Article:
Northern Prairie Wildlife Research Center
To place our estimates of duck mortality in perspective we examined the mortality from the standpoint of the contribution of ducks to the diet of foxes. Adult ducks comprised 24% of 5,402 individual food items identified at dens in the intensive study area during 1969-73. Other major foods were passerine birds (15%), hares and rabbits (11%), voles and mice (llama), pocket gophers and ground squirrels (10%), and domestic livestock and poultry (7%). The remaining food items (22%) consisted of a wide variety of birds, mammals, amphibians, fish, and refuse. Although these figures support our conclusion that large numbers of ducks were taken by foxes in that area, the percentage of ducks in den food remains does not accurately portray the contribution of ducks to fox diets. Foxes totally consume many small prey but usually leave remains from ducks and other large prey (Errington 1935, 1937; North Dakota Game and Fish Department 1949:23; Sargeant 1978).
Assessing the percentage contribution of ducks taken by fox families to total fox family diets requires knowing both the biomass of the ducks and the average amount of prey biomass consumed by individual fox families during the denning season. Sargeant (1978) found that a typical size fox family of 2 adults and 5 pups on a restricted but adequate diet required 144.1 kg prey biomass during the first 12 weeks of the denning season and 18.9 kg/ week thereafter. Of that total, about 90% was consumed.
The fox denning season in the 3-county intensive study area lasted about 13 weeks (1 Apr-30 Jun) during which time 163 kg prey biomass is required by the average fox family feeding at the rates described by Sargeant (1978). This estimate does not include waste of prey associated with surplus killing (Kruuk 1972) and cache robbing by other species (Murie 1936:26-28).
Sargeant (1978) provided average spring weights of 0.39, 0.71, and 1.15 kg for hen blue-winged teals, hen northern pintails, and hen mallards, respectively. From these weights and from proportions of these species found at dens (here considered to reflect all ducks brought to dens) in our intensive study area, we calculated that the average Drift Plain and Missouri Coteau ducks taken by foxes weighed 0.78 and 0.67 kg, respectively. The greater average weight of Drift Plain ducks was a result of a greater proportion of mallards at Drift Plain dens. We assumed that all duck remains found at dens were from ducks consumed by foxes and not from scavenged carcasses with little food value.
To estimate duck biomass consumed per fox family, we multiplied the average number of ducks estimated taken by fox families in the Drift Plain and Missouri Coteau portions of the intensive study area by the calculated average weight of the ducks taken by foxes in each area (Table 12). The resulting estimate divided by the total prey biomass required by the average fox family during the denning season was the percentage contribution of duck to fox diets. Based on these calculations we estimated that duck averaged 15.8 and 17.0% of the total prey biomass consumed by foxes in the Drift Plain and Missouri Coteau portions of the intensive study area, respectively (Table 12). Consumption varied most on the Drift Plain where duck averaged 7.7-31.5% of the annual denning season diet during the 5-year period. We attribute the greater variation in amount of duck in fox diets in the Drift Plain to the more intensive cultivation and more variable breeding duck population in that area compared to the Missouri Coteau. Because of these factors, the overall prey base available to foxes in spring in the Drift Plain was probably much less than in the Missouri Coteau and predation on ducks in the Drift Plain was buffered less by predation on other prey. Thus, during the very wet spring (1969) when many ducks were available to foxes in both areas, foxes in the Drift Plain ate more ducks than foxes in the Missouri Coteau. However, during the dry springs (1971, 1973), when few Drift Plain ponds held water, foxes in the Drift Plain had fewer ducks available than foxes in the Missouri Coteau where pond water levels were more stable, and consequently they ate less duck.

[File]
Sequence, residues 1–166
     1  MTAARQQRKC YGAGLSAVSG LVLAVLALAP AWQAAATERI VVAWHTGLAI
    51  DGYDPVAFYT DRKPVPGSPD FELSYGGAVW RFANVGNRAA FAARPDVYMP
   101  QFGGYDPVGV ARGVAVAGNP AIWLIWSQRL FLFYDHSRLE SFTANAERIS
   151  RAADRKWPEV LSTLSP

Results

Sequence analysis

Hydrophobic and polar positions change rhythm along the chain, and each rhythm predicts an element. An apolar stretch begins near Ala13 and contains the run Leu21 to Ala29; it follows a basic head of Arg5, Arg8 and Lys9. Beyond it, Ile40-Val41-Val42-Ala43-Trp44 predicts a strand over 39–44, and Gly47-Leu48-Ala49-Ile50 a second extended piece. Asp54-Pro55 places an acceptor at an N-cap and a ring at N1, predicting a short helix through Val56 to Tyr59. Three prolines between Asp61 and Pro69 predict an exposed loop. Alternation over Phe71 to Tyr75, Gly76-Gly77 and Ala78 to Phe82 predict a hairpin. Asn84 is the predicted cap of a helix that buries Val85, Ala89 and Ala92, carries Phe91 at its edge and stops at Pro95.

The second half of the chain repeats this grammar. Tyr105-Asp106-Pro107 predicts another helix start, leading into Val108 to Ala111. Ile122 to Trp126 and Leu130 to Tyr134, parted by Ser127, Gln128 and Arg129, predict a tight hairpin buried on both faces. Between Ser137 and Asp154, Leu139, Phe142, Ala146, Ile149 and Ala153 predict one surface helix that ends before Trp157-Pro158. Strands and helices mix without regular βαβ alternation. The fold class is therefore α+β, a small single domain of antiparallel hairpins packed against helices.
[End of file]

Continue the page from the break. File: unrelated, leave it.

From these data we concluded that ducks were an important but relatively small part of the total diet of most foxes in our intensive study area during the denning season. We found no evidence to indicate that foxes in that area were dependent on ducks for survival. In this regard, some fox families ate few ducks, even in 1969 when ducks were especially abundant (Sargeant 1972). Our data also indicated that during the denning season individual fox families have the capacity to consume several times the average number of adult ducks we estimated they took annually in the intensive study area (Table 12).